Now, circled in red, if you can see it, are the tabs that protrude through the panel and are soldered to the board. You need to heat up the soldier and remove the old switches. I use an air blower to blow out the melted solder but I know there are better less messy ways. Marshall, I'm sure you can help with that. Some panels I have worked on like this one had the tabs bent over before they were soldered and some were not. When they are bent over it's much harder to remove all the melted solder. Be careful not to tare of the copper sheeting that it's soldered to. If you do, you can always repair it by scraping the green coating off and adding solder to it so you bridge the gap. Guess how I know that! Resized to 45% (was 1023 x 685) - Click image to enlarge
Removing all 7 switches this way will be your next task. Take your time and don't rush it. Be careful with the iron so you don't melt any of the other sections on the circuit board. Resized to 45% (was 1023 x 685) - Click image to enlarge
When you get the panel all cleaned up, slide each new switch in and bend the post's over so it holds them in place. I did all 7 at once. As you get ready to solder them in you can hold them straight and securely against the board. I used the very thin solder to make it easier to control how much of it I was adding to the tip of the iron. It only takes a second for the solder to flow onto the post and board circuit. You don't want to over heat the new switch or the panel. Resized to 45% (was 1023 x 685) - Click image to enlarge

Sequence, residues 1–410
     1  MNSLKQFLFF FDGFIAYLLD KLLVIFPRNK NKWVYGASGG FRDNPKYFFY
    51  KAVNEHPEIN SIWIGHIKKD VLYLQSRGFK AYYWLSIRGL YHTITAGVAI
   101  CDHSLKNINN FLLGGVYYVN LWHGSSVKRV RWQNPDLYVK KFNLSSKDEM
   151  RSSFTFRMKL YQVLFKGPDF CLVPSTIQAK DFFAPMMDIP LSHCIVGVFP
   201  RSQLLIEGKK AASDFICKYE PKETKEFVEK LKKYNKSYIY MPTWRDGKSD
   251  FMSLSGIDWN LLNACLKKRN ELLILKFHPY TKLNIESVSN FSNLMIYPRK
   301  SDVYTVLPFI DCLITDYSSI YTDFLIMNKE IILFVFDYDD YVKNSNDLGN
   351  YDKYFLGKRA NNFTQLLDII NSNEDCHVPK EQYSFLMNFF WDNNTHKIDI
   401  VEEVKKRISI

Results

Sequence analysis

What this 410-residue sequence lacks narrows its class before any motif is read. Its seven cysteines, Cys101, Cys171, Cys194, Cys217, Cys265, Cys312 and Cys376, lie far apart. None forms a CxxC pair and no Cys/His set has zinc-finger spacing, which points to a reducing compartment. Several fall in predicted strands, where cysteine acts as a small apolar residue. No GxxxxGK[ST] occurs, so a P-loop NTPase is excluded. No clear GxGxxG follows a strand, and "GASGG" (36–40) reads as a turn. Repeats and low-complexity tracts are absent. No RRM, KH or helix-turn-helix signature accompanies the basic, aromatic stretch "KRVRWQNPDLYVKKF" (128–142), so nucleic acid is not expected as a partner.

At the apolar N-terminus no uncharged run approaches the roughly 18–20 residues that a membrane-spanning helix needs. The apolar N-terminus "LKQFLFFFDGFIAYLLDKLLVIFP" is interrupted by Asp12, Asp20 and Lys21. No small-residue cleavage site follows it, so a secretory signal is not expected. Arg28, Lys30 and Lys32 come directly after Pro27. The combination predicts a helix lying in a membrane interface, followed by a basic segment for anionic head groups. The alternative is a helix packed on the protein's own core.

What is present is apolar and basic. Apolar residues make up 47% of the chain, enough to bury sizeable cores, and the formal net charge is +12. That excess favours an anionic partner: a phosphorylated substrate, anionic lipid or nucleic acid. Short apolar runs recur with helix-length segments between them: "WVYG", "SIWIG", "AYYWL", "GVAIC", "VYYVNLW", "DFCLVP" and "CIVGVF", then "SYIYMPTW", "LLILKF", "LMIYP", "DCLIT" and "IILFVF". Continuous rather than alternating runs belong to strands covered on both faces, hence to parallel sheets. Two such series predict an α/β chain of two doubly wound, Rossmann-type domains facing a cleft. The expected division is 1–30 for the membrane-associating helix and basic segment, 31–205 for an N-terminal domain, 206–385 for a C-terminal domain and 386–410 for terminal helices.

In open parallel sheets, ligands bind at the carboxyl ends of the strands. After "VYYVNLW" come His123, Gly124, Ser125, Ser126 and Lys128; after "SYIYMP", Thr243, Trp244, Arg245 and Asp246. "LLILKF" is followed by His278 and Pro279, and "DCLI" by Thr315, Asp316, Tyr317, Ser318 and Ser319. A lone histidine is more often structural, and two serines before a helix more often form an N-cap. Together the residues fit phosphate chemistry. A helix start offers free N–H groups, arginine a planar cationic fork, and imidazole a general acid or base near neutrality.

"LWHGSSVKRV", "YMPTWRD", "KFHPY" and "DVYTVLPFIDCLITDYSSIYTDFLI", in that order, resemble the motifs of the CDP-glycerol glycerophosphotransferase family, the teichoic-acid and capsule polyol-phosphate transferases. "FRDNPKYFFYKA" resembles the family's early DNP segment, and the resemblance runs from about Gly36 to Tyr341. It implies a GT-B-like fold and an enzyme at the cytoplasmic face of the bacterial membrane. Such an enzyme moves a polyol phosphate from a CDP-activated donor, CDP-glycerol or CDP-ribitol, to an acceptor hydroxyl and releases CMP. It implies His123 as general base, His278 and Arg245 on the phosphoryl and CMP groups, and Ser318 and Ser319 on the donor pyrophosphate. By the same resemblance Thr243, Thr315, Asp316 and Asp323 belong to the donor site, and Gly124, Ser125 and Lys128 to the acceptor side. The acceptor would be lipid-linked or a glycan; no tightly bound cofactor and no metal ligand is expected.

If they end up crooked, straighten them out one at a time as you re heat the solder. When your satisfied with everything it's time to snip off the ends of the post's. Resized to 45% (was 1023 x 685) - Click image to enlarge
BE AWARE, that these two post are bridged together with solder. Make sure you duplicate this when you put the new switch in here. Resized to 45% (was 1023 x 685) - Click image to enlarge
Now because I have disturbed the integrity of the printed circuit when I removed the old switches, after they are installed I place a small dab of hot glue on two sides of the switches body. It holds it tight and keeps them from shaking around on those bumpy roads. Resized to 45% (was 1023 x 685) - Click image to enlarge
OK, your done. It's time to go back to the top and reverse the order to reassemble the panel. OH, in case your wondering, these old eyes needed a magnifying head set to see what I was doing. It helps a lot when your working on such small stuff. It also will help you see if you have any breaks in the printed circuit from all the work taking the switches out.
After it's assembled plug it in and test each button. If one of them doesn't work you'll need to take it apart again to check the soldering job of that switch. I did one of these switches a second time. But I didn't need to remove the front panel out of the housing. Just the back cover will do.
One more thing. You COULD hot glue the switches in place BEFORE you soldier the post on the board. I thought about that after I finished it up.
I have 43 switches left over from my order. So if you want yours repaired or you want switches let me know. But as you can see they didn't cost much for 50 of them. It was more for the shipping than it was for the switches. Resized to 45% (was 1023 x 685) - Click image to enlarge
OK guys, I'm done posting this if you have any questions. "If you're going to do something, "Do It Right" don't do it half aed" Carb rebuild book link, Book order link HERE 78 CX500std., 79 CX500D project SOLD,GL500I project SOLD,GL650I daily rider.